1. Mercury, Canso Chemicals, Northern Pulp Mill
Facilities associated with Northern Pulp Mill’s proposed effluent pipe are immediately adjacent to a mercury-contaminated toxic waste site left over from the Canso Chemicals operation.
Joan Baxter explains:
The Canso Chemicals plant opened in 1970, and for the next 22 years used large amounts of mercury to produce chlorine and caustic soda for the pulping process. According to a Canadian Press report of June 20, 1977, provincial and federal government officials had been unhappy with high levels of “unaccountable mercury losses” from the Canso Chemicals plant, causing the provincial environment department to order the company to sharply reduce the losses.
“The plant’s annual unaccounted mercury losses have averaged several tons [a year] since reporting to the federal environment department began in 1972. It reached a high of five tons in 1975,” says the CP report.
When the pulping process was changed because of new pulp and paper effluent regulations in Canada, the Pictou County pulp mill switched from chlorine to chloride dioxide for its bleaching process, and the chemical plant was no longer needed. It closed in 1992.
Baxter details the measures taken to address the mercury contamination of the site, but the short of it is that the bulk of it is still there and spreading, taking a slow march towards both the water table and Pictou Harbour.
The Environmental Assessment for the proposed effluent pipe doesn’t address the potential for disturbing mercury or releasing it into the air, potentially bringing great risk to humans in the area.
Baxter tried to obtain the results of ongoing mercury monitoring of the site, but was frustrated by government bureaucrats at both the provincial and federal levels, apparently in violation of international treaties that call for making such information readily available.
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2. Herring Cove Road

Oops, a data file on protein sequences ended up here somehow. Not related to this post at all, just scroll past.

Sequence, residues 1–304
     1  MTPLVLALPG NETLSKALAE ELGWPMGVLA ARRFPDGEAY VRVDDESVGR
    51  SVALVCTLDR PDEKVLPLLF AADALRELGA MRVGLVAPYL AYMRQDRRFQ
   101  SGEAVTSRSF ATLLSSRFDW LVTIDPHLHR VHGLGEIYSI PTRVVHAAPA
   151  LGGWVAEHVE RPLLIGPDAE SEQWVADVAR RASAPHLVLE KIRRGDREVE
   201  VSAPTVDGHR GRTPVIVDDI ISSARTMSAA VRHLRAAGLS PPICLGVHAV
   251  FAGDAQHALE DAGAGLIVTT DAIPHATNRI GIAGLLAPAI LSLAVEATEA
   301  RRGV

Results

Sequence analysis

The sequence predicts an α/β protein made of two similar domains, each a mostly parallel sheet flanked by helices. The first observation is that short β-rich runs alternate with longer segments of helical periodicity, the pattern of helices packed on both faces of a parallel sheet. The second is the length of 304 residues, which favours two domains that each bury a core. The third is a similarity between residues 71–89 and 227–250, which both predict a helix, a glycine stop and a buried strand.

“The city is creating a new functional plan for Herring Cove Road, featuring an ‘interim’ plan with considerable improvements to walking and cycling, and an ‘ultimate’ plan that includes some short but key transit lanes,” writes Examiner transportation columnist Erica Butler:
The city’s plan for the Spryfield street includes plenty of walking and cycling infrastructure, but leaves transit lanes in the realm of high-cost wishful thinking.
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3. Lake Banook
“There has been a twist in the controversial Prince Albert Road and Glenwood Avenue development,” writes Dartmouth councillor Sam Austin on his personal website:
Site preparations are underway, but the developers don’t intend to build the eight-storey apartment building that Council approved back in September. Instead, they intend to build a 16-storey hotel. The hotel development is as-of-right, and doesn’t require Council approval. It’s a decision that makes a mockery of both the upcoming Centre Plan and the seven year process to get to an approved mid-rise residential project. It’s deeply disappointing and infuriating and I will fight it.
Austin is rightfully indignant about the change, and there’s no question that he’ll do what he can to block the hotel from going up, but even he admits that “It won’t be easy.”
For me, this development illustrates what’s wrong with the Centre Plan, and with city planning in general. I’ve been watching all this as a reporter for 13 years, so let’s recap.
Let’s step way back, to HRM By Design, the Andy Filmore-led planning exercise for downtown Halifax.
There was considerable citizen buy-in for HRM By Design. While the Heritage Trust (in retrospect, rightly) distrusted the process from the beginning, a lot of people thought that a good plan would go a long way to preserving heritage and historical buildings, and could maintain the “feel” of downtown. Everyone anticipated that new buildings will always go up, but if new construction is in scale with the rest of downtown, if the sight-lines down the streets to the harbour were maintained, if the small-block pedestrian-friendly character of downtown could be preserved, all good. The old Daily News gave the effort repeated front page coverage, and many thousands of people contributed many evenings of their valuable time to give their input, and they trusted the process.
Characteristically, I had a general annoyance about the whole thing. The sticky-note wielding planning students annoyed me. The buzzword-slinging bureaucrats annoyed me (I swear, if I hear “vibrant” tossed around one more time, I’m going to slap someone). The mealy-mouthed politicians annoyed me. I was annoyed that no one wanted to address the elephant in the room: the overwhelming political power of developers.